Analyzing Urine Samples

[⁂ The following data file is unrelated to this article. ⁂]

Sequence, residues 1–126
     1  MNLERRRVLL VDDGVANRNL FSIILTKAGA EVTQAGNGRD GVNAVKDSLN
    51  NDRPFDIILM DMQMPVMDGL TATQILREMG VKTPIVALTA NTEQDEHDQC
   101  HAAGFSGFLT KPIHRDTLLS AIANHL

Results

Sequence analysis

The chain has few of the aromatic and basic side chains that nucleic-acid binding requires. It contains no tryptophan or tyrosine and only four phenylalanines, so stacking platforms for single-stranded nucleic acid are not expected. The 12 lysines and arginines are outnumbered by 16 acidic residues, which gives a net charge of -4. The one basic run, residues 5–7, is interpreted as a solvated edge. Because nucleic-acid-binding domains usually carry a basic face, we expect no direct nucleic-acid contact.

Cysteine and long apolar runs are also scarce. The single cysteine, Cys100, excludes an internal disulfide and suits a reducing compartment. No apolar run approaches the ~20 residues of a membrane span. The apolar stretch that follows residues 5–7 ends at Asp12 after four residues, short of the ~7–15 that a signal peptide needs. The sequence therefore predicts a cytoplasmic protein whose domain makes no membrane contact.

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Analyzing urine samples. The chemical and physical composition of urine can vary dramatically with diet and metabolism. However, the analysis of urine is still useful to diagnose disease, because urine composition mirrors blood composition. This video will briefly describe urine formation, connect the processes of urine formation to abnormal constituents in the urine, demonstrate how to use a urinometer, and demonstrate how to use a combination dipstick. Urine is the end product of three key processes: glomerular filtration, which passively moves small substances from the blood to the filtrate; tubular reabsorption, which reclaims solutes that need to return to the blood; and tubular secretion, which selectively moves substances from the blood into the filtrate. The filtration membrane for glomerular filtration is porous and doesn't usually allow molecules larger than 5 nanometers to pass through. Therefore, the presence of molecules larger than 5 nanometers, such as proteins and blood cells in the urine, often indicates a problem with the filtration membrane. Glucose easily passes during filtration and must be reabsorbed. These mechanisms can become overwhelmed if blood sugar levels are too high. Glycosuria is the presence of glucose in the urine. Which of the following would be associated with glycosuria: high blood pressure, low blood pressure, uncontrolled diabetes mellitus, dehydration? Whenever there is excess glucose in the filtrate, there is a possibility that some of this glucose may spill into the urine. This is most often due to uncontrolled diabetes. Specific gravity is the relative weight of a solution when compared to the same volume of distilled water. The specific gravity of normal urine should be between 1.001 and 1.030. Drinking a lot of liquids could result in dilute urine and therefore a low specific gravity reading. A urinometer is a hydrometer that measures the specific gravity of urine. When using a urinometer, gently place the meter with the weight into a cylinder that is about two-thirds filled with urine. The meter should float freely. The top of the meter reads as 1 with three zeroes to the right of the decimal. The values to the right of the decimal point are read by drawing a line beneath the meniscus of the fluid and reading the meter like a ruler. For example, the specific gravity measured here is 1.013. Dehydration can result in concentrated urine. Would dehydration lead to a high or low specific gravity reading? The more concentrated urine would have more solutes per volume and would result in a high specific gravity. Combination dipsticks provide a quick and convenient way to measure multiple urine constituents at the same time. With gloved hands, dip the strip into urine, blot the strip on a paper towel, and set a timer for 2 minutes. After 30 seconds, begin reading the colored pads on the strip. The first test read is glucose, which is the colored pad that is closest to the handle end of the dipstick. For each colored pad, use the key on the container to approximate the value for each constituent listed. Continue reading from the bottom up, matching each colored pad with the key and reading at the time indicated. Record your results. Note that you may use real or artificial urine in the lab. In either case, remember to wear gloves and dispose of used materials in the biohazardous waste container.